Best blogs of 2014: Ten job titles of chemical engineers... and what they actually mean (Day 213)
26th December 2014
Chemical engineers can be hard to identify, not just because most people aren’t clear about what chemical engineering actually is, but because chemical engineers rarely can be identified by the job title – chemical engineer!
To help dispel this confusion I have compiled a list of ten job titles that chemical engineers typically fill:
1. Process engineer
When I met up with chemical engineering colleagues they often describe themselves as process engineers. Process engineering occurs across the wide range of chemical engineering sectors, but a process engineer will typically work to design engineering packages, develop new ideas and processes, and monitor and maintain plant systems.
2. Fire and explosions engineer
Chemical engineers are extremely focused on improving and maintaining process safety. The ability to design and implement fire and explosion protection systems is imperative in ensuring public and industrial safety. A fire and explosions engineer will work to prevent, control and mitigate the effects of fire and explosions, for example in the oil and gas industry.
3. Biochemical engineer
Biochemical and chemical engineering are part of the same family. Biochemical engineering is a rapidly developing and growing research area, which is being seen as being increasingly important. Biochemical engineers are responsible for tackling many of the World's problems such as stem cell therapy to cure illnesses and biofuels made from algae to provide more sustainable energy sources. They do this by translating life science discoveries into materials and processes that contribute to our wellbeing.
4. Blast furnace supervisor
Chemical engineers who work as blast furnace supervisors are responsible for the development and application of new technologies, processes and design improvements to furnace operations. Furnace engineers are responsible for leading equipment installations and major repairs for plants. To work in this position you need to be detail orientated to ensure project success.
5. Food hygiene engineer
I came across this title from a friend who works in the food and drink industry, and it is a key job filled by chemical engineers - especially in the wake of recent crises in the food industry. There are many chemical engineers working in the food industry, but there are very few that are actually called chemical engineers, I think because the public are put off by the idea of chemicals and food together. But this is a shame as these Food hygiene engineers work to ensure that the food we eat is safe and free from contaminants.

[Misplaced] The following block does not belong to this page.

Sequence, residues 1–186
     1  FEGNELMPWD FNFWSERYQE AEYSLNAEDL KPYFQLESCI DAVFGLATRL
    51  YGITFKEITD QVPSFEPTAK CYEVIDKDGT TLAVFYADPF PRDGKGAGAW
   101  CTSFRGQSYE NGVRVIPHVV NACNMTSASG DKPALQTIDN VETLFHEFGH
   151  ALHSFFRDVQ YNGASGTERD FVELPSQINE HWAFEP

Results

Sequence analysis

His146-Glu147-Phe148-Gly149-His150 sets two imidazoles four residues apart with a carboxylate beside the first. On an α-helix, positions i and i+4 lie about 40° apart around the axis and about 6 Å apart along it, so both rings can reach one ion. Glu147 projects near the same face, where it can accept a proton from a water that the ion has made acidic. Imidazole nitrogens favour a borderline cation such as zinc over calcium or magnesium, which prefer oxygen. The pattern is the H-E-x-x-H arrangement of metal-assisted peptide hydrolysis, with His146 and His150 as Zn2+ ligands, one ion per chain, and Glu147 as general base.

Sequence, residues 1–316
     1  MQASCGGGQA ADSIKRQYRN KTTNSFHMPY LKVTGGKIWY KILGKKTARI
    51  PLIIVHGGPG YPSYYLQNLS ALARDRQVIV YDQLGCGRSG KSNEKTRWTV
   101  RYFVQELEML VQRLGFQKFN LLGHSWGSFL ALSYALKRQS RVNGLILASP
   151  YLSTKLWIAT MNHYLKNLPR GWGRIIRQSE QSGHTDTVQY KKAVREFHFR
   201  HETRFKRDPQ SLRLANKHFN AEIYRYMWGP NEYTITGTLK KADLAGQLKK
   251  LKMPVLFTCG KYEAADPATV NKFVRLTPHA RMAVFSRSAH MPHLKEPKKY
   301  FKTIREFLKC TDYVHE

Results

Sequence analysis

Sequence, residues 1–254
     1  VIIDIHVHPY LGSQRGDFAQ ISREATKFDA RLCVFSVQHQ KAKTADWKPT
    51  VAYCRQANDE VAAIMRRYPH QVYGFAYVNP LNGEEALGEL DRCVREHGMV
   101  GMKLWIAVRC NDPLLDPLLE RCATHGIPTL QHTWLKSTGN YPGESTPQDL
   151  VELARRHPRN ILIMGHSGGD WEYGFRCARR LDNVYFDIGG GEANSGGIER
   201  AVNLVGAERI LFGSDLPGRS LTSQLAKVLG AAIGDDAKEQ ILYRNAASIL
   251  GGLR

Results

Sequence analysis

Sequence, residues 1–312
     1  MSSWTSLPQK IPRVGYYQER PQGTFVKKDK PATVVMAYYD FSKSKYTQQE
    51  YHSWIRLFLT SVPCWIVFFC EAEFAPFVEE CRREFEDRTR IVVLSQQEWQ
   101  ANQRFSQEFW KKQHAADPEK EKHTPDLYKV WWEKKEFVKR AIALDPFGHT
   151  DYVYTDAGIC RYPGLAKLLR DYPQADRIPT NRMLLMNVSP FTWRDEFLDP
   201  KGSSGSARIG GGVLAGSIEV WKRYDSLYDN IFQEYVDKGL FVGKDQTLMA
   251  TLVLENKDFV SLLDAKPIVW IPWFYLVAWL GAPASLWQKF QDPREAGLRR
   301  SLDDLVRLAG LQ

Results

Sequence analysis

6. Pharmaceutical engineer
The pharmaceuticals industry is reliant on chemical engineers to help develop and manufacture new products and processes. Without pharmaceutical engineers it would be impossible to have successful development and large-scale production of many life saving products. The ability to apply chemical engineering practises to drug production not only makes the process more efficient but saves money thus producing lower cost pharmaceuticals.
7. Continuous improvement engineer
I think most chemical engineers would consider themselves to be continuous improvement engineers! However, some of us specialise in being able to innovate and consistently improve overall efficiency of a process. To fill this role you need to excel at identifying problems and solutions as well as spotting issues before they happen.
8. Thermo-fluid engineer
A Thermo-fluid engineer must have specialist knowledge of thermodynamics and be able to draw on the basic sciences of fluid mechanics, complex fluids, biomechanics, heat transfer and energy studies. Thermo-fluid engineers can work to analyse the ways in which particles interact and use this to improve processes like low-carbon energy production.
9. Design authority
A Design authority is a person (or group of people) who know how a project must proceed. They have the vision. Design authority engineers also have the power to make binding decisions. To do this job you need to have a high level of professional knowledge and the chemical engineering skills to make the best choices. As a design authority you have the power to settle discussions and implement choices on a daily basis.
This is perhaps the easiest job title for me to write about, as it is my job! Being a Professor is about not only being a teacher but a researcher as well. Although the systems for Professorship vary internationally, in most Commonwealth nations promotion to Professorship is reserved for the most senior of academics at a university.
After completing a PhD an academic will generally become a Post-Doctoral Researcher (or Post-Doc), after which we tend to specialise and become Teaching Fellows (Lecturers) or Research Fellows (but sometimes both!). Following this we become Readers and then Professors.
Understanding the academic hierarchical structure is difficult due to the variations not only between countries, but institutions. For example the US systems is very different to the UK system where academics become Research Professors, then Assistant Professors, then Associate Professors, before finally becoming full Professors!
To become a chemical engineering Professor in any country you need to work to become an expert in your field and develop a range of skills.
This list makes it clear how diverse a career chemical engineering is. Studying chemical engineering can lead to a huge variety of possible jobs which surely must add to the attraction of the field.